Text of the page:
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I am trying to build lxml for Python 2.7 on Windows 64 bit machine. I couldn't find lxml egg for Python 2.7 version. So I am compiling it from sources. I am following instructions on this site


under static linking section. I am getting error

C:\Documents and Settings\Administrator\Desktop\lxmlpackage\lxml-2.2.6\lxml-2.2.
6>python setup.py bdist_wininst --static
Building lxml version 2.2.6.
NOTE: Trying to build without Cython, pre-generated 'src/lxml/lxml.etree.c' need
s to be available.
ERROR: 'xslt-config' is not recognized as an internal or external command,
operable program or batch file.

** make sure the development packages of libxml2 and libxslt are installed **

Using build configuration of libxslt
Building against libxml2/libxslt in one of the following directories:
running bdist_wininst
running build
running build_py
running build_ext
building 'lxml.etree' extension
error: Unable to find vcvarsall.bat

Can any one help me with this? I tried setting the path to have Microsoft Visual Studio.. I can run vcvarsall.bat from the commandline.. but python is having problems

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If you happen to use AMD64 you could try these: lfd.uci.edu/~gohlke/pythonlibs –  ChristopheD Jun 15 '10 at 17:46
@Christo Do you have instructions somewhere on how you generated these executables? –  Kamal Jun 15 '10 at 19:20
I didn't compile these, so the best thing to do would be to contact the author: lfd.uci.edu/~gohlke –  ChristopheD Jun 15 '10 at 21:46
What version of Visual Studio do you use? –  Piotr Dobrogost Dec 14 '12 at 8:58

2 Answers 2

up vote 50 down vote accepted

I bet you're not using VS 2008 for this :)

There's def find_vcvarsall(version): function (guess what, it looks for vcvarsall.bat) in distutils with the following comment

At first it tries to find the productdir of VS 2008 in the registry. If that fails it falls back to the VS90COMNTOOLS env var.

If you're not using VS 2008 then you have neither the registry key nor suitable environment variable and that's why distutils can't find vcvarsall.bat file. It does not check if the bat file is reachable through the PATH environment variable.

The solution is to define VS90COMNTOOLS variable to point to Tools directory of Visual Studio.

That being said take a look at 11.4. distutils.msvccompiler — Microsoft Compiler section in Python's docs which states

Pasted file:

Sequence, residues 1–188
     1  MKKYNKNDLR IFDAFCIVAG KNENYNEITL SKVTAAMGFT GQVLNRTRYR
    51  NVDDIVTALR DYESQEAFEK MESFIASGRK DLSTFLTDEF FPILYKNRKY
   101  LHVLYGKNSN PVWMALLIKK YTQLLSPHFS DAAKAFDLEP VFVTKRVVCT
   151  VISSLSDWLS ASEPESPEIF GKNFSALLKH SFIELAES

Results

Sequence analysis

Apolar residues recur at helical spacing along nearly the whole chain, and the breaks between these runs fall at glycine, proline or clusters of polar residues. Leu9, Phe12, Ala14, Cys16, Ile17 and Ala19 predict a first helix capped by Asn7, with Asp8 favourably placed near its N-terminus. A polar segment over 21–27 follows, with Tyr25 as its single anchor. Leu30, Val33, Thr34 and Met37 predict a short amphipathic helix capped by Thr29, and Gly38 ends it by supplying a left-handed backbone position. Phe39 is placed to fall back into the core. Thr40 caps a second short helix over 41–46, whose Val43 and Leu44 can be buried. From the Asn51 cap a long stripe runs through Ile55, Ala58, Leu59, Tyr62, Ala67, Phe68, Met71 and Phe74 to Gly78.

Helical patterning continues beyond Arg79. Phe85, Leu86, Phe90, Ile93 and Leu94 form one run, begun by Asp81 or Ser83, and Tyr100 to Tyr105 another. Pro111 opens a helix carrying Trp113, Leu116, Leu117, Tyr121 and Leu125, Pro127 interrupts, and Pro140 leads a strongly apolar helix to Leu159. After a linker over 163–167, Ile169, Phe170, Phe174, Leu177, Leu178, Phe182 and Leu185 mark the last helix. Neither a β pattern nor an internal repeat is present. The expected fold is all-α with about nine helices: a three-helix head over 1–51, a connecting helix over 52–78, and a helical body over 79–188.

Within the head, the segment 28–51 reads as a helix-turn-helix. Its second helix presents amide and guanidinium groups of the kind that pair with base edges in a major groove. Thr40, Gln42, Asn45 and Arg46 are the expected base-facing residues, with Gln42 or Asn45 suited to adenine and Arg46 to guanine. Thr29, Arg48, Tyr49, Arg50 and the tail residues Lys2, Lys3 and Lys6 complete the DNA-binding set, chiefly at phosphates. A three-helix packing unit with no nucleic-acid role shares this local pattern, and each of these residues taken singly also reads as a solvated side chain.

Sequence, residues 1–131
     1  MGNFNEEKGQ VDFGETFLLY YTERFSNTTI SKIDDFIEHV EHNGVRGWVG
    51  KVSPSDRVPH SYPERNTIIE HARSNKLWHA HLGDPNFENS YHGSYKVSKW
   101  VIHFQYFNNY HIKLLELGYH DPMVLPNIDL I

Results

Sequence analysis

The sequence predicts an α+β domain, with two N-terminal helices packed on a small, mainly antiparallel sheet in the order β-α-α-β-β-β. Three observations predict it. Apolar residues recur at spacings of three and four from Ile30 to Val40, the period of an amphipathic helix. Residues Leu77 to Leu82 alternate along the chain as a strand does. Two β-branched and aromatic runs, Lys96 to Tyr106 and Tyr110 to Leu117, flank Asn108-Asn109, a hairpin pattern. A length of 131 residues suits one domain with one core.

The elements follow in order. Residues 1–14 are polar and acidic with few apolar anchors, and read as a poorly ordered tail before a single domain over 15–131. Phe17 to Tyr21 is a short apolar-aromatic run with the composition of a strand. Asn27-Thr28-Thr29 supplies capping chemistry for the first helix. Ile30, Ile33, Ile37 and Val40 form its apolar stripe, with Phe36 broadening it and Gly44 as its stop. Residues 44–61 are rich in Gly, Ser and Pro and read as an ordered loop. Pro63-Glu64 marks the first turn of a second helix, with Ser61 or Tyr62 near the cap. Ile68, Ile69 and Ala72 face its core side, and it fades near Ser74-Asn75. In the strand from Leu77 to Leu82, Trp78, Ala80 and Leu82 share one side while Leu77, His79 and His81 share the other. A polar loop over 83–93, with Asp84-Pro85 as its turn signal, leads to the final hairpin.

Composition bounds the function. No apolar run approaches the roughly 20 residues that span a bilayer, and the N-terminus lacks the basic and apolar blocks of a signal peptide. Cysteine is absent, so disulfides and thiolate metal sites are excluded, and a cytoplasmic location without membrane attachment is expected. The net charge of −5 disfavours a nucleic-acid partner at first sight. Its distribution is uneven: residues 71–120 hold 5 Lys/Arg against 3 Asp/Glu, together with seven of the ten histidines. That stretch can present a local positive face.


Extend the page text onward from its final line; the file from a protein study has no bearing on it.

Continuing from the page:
Typically, extension modules need to be compiled with the same compiler that was used to compile Python.

Martin v. Loewis in the email titled Download Visual Studio Express 2008 now on python-list mailing list states the same

Python 2.6, 2.7, and 3.1 are all built with that release (i.e. 2008). Because of another long tradition, Python extension modules must be built with the same compiler version (more specifically, CRT version) as Python itself. So to build extension modules for any of these releases, you need to have a copy of VS 2008 or VS 2008 Express.

In the light of above statements you should use VS 2008 if you want to build lxml for Python 2.7 so although setting VS90COMNTOOLS takes care of finding vcvarsall.bat file it's not the solution.

That being said :) people do try to use older CRT with newer compiler:
Can I use Visual Studio 2010's C++ compiler with Visual Studio 2008's C++ Runtime Library?
How to Enforce C++ compiler to use specific CRT version?
VS 2008 - Link against older C runtime

I'd like to thank Kev Dwyer (for pointing out importance of version of VS which is used) and Stefan Behnel (for pointing me to distutils as a place dealing with compiler's configuration) in the thread Problem building lxml under Windows - error: Unable to find vcvarsall.bat on lxml mailing list. I'd like to also thank agronholm from freenode #distutils IRC channel for confirmation that distutils does contain code which looks for vcvarsall.bat file.

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okay, you explained it, but so what needs to be done in the absence of vs2008? –  Maysam Sep 17 '12 at 11:13
Ok long and winding answer... But it still doesn't explain how to actually fix the problem that the guy was having? –  Zoran Pavlovic Oct 21 '12 at 21:44
@ziyuang This would mean you use Python 3.3 which uses Microsoft Visual Studio 2010. If that's the case then the answer is yes, you should install this version. –  Piotr Dobrogost Aug 9 '13 at 10:20
So, if I manage to get VS2008, how do I set the path so that it finds it? [I have VS2008] –  nucc1 Jan 23 '14 at 14:15
Visual C++ 2008 Express is available here go.microsoft.com/?linkid=7729279 –  gawbul Aug 27 '14 at 14:20

After following the recommended solution:

  1. downloading VCForPython27.msi from Microsoft,
  2. installing it (Win7, Python(x, y) 2.7.9 32bit),
  3. entering / updating the environment variable VS90COMNTOOLS to the installation directory value (C:\Program Files (x86)\Common Files\Microsoft\Visual C++ for Python\9.0)

my problem still existed (want to build a Python extension in C).

I had to do the following 2 unbelievably dirty tweaks, before everything now is indeed working:

  1. modify "msvc9compiler.py" in "C:\Python27\Lib\distutils", function find_vcvarsall, to now point to "Visual C++ for Python" instead of to "VC".
  2. copy the directories founder under "C:\Program Files (x86)\Common Files\Microsoft\Visual C++ for Python\9.0\" to "C:\Program Files (x86)\Common Files\Microsoft\Visual C++ for Python\" (i.e. one dir level up).

I cannot tell who was doing something wrong here - probably I.

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